How hot was Oct 2023?

The October temperature anomaly was a top-5 anomaly overall and a record for October, but this shouldn’t be surprising. If one follows the red bars and El Niño months, the 2023 anomaly follows that trend, and the expectation is that October 2023 will officially be an El Niño month. Expect more record monthly anomalies because (from NOAA)

El Niño conditions that emerged in June continued into October, and according to NOAA’s Climate Prediction Center there is an 80% chance that El Niño will continue through the Northern Hemisphere spring (March–May 2024).

NOAA has the time series data. More on this and other notes can be found in my Briefed by Data Quick Takes post.

What will it take to run the U.S. on electricity?

That is the title of a recent post on Briefed by Data. The graph here, from that post, shows our current electricity consumption and what we would need to add to move all cars to electric.

How does this compare to existing electricity generation? Figure 1 has the answer. We currently use somewhat more than 4 trillion kWh of electricity. If all vehicles were converted to electric, we would require an additional 7 trillion kWh of electricity.

Read more: What will it take to run the U.S. on electricity?

Did you read classroom connections?

Over at Briefed by Data I’ve started doing a classroom connections post. I include material that I think could be used in a classroom somehow. The topics will vary based on what I’ve run into. This past one includes a range of math being used, from calculus and statistics to modeling to data science. The graph here is from an article that did hierarchical clustering, and the data is available. Click the link if you are looking for classroom ideas.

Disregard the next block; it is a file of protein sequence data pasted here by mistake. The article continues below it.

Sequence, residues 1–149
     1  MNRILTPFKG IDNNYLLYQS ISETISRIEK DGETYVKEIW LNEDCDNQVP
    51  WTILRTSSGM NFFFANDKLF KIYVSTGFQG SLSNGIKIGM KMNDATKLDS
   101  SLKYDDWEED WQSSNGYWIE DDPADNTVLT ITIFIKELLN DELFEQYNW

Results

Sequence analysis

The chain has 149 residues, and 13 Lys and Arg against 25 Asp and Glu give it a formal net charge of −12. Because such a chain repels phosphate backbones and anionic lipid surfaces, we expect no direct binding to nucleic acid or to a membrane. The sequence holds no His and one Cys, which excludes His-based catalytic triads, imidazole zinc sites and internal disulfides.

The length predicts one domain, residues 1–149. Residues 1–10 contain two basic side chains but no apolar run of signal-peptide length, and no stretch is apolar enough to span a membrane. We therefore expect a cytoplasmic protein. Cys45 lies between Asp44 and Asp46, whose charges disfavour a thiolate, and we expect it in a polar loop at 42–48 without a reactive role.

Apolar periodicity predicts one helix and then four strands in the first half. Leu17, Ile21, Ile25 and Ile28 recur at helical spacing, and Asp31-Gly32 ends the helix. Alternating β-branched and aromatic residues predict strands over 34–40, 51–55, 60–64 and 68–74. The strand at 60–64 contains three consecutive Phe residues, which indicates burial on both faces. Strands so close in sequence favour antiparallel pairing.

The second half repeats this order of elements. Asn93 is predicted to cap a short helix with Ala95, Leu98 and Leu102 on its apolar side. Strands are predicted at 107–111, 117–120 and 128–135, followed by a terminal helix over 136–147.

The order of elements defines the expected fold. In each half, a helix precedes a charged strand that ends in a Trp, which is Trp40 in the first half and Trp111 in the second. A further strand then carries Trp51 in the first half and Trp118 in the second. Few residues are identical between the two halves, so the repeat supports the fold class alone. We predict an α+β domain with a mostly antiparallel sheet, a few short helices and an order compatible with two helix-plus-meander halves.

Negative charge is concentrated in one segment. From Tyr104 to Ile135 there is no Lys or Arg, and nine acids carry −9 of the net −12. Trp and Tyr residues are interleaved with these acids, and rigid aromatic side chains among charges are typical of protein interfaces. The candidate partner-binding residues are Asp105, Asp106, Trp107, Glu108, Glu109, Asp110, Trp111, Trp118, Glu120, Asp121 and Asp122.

How hot was Sept 2023?

September 2023 set a record for a monthly anomaly, but when you read something that says it was surprising, outrageous, crazy, etc., you are being misled. As far as I’m concerned, this is the media making matters worse. A new record anomaly like September is expected, and, in fact, it will happen again. Suggesting that scientists didn’t know this implies that they aren’t credible. Please read the full argument here and while you are there, subscribe to my Substack Briefed by Data. You can subscribe for free and get data-based articles right in your inbox.

Summary from NOAA, which has the data available:

The September global surface temperature was 1.44°C (2.59°F) above the 20th-century average of 15.0°C (59.0°F), making it the warmest September on record. September 2023 marked the 49th-consecutive September and the 535th-consecutive month with temperatures at least nominally above the 20th-century average. September 2023 was 0.46°C (0.83°F) above the previous record from September 2020, and marks the largest positive monthly global temperature anomaly of any month on record. The September 2023 global temperature anomaly surpassed the previous record-high monthly anomaly from March 2016 by 0.09°C (0.16°F). The past ten Septembers (2014–2023) have been the warmest Septembers on record.

Looking for a Climate/Math Faculty Job?


I’m doing this post as a favor and because this is a unique faculty position that I’m happy to promote. If you are interested or know someone who might be then please pass it along.